February 28th, 2014
by George Leong, Profit Confidential
The last big initial public offering (IPO) in this country was the debut of social media play Twitter, Inc. (NYSE/TWTR), which has returned some staggering gains for its initial investors, in spite of an extremely obscene valuation assigned by the stock market. (Read "Two More Internet Stocks to Watch.")
Yet in spite of the colossal overpricing of numerous IPOs in 2013, the market demand for new issues is insatiable. As we saw in 2013, IPOs are being driven upward by a market that's looking for growth and a buying opportunity to make some quick returns.
The current bullish sentiment towards the IPO market is not to the same scale as we witnessed back in the late 1990s, when an early allotment of shares of an IPO attracted frenzied buying and a mad dash to buy the stock, even at outrageous prices.
In the current investment climate, there are several ways of playing the IPO market if you are not one of the preferred clients (the top one percent).
When the IPO is hyped up, you should always wait for the stock to come back down after its initial surge. Do not chase hot IPOs on the first or even the second day. This is especially true in cases when the IPO is showing an extreme valuation that doesn't make sense.
Facebook, Inc. (NASDAQ/FB), for instance, traded at $45.00 on its IPO debut on May 18, 2012, but it subsequently plummeted to $18.80 on October 19, 2012. The company had more than one billion subscribers, so you knew the revenues and earnings would come once the company figured out how to monetize its user base and turn eyeballs into dollars. The company has since been able to produce a revenue model that's working. The aftermath is the stock is trading at $70.00, up 55% from the first-day high and a staggering 289% if you waited and purchased it at its subsequent low.
Another example of a star-IPO-gone-wrong was Groupon, Inc. (NASDAQ/GRPN), which traded at more than $30.00 on its November 4, 2011 debut. If you waited, just a year later on November 12, 2012, you could have purchased the stock for as low as $2.60. In this case, you would have been up 390% after the stock traded at $12.76 on September 19, 2013. Groupon fell by more than 12% last Friday after providing a soft guidance despite beating on revenues and earnings in its fourth-quarter earnings season. You could go in and buy on further weakness.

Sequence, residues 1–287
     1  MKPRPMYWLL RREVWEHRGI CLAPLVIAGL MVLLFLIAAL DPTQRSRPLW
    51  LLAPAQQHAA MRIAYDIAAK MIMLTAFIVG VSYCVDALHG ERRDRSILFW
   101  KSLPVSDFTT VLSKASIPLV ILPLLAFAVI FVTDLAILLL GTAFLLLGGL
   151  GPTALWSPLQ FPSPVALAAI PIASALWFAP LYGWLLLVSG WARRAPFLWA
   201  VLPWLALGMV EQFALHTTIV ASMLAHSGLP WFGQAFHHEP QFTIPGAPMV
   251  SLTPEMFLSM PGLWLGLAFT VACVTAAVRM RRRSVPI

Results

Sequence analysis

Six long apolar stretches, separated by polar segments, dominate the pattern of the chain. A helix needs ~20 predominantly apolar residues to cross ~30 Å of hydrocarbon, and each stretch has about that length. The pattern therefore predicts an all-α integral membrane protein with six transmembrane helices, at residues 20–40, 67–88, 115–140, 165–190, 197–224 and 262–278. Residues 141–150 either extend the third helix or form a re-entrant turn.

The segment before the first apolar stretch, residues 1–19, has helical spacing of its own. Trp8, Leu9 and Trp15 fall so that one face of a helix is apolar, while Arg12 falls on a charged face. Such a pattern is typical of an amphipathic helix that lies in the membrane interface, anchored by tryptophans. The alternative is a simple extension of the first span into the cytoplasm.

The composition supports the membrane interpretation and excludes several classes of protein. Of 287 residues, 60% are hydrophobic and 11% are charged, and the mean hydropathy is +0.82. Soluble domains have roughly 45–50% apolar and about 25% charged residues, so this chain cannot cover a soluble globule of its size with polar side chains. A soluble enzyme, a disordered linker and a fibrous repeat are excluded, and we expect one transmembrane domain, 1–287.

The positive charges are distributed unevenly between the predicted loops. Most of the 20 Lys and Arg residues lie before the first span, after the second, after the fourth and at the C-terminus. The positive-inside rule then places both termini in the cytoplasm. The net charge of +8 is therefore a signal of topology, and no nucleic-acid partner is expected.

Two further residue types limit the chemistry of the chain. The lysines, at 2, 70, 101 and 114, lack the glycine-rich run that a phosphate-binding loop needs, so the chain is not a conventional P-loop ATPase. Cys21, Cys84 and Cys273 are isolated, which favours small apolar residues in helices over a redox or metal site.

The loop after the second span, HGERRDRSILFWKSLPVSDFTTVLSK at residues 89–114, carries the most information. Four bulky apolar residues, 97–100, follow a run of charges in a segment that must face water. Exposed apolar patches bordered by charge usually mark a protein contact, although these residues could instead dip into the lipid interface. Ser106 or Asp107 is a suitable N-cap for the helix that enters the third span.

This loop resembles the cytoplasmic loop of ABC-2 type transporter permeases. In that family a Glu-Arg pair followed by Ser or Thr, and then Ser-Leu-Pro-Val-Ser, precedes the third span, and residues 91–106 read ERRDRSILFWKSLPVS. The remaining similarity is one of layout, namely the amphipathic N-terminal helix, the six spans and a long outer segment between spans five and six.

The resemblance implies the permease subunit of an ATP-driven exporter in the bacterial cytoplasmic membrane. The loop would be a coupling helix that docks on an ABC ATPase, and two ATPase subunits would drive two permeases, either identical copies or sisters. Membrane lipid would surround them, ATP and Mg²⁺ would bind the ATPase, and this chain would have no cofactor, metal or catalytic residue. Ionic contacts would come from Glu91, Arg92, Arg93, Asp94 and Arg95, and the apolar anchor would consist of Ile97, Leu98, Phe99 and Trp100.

What's going to be hot this year is still anyone's guess, but technology and social media will likely continue to be a place to look for hot IPOs.
Of course, since you likely won't be able to get in at the subscribed IPO price, you should wait and buy on subsequent weakness, as in the case of Groupon and Facebook. Here are three companies that may debut this year and could be hot:
Airbnb is in the real estate sector and allows users to list and rent home-based accommodations online as an alternative to paying for hotel rooms.
A company many of you are likely familiar with is Dropbox, the online service that allows you the ability of storing files in the cloud and accessing them from anywhere you have an Internet connection.
The final potential IPO that could debut is Square, Inc.-a mobile credit card service for merchants that allows them to swipe and access credit card payment software in a mobile environment. This technology is great for businesses at trade shows or for start-ups.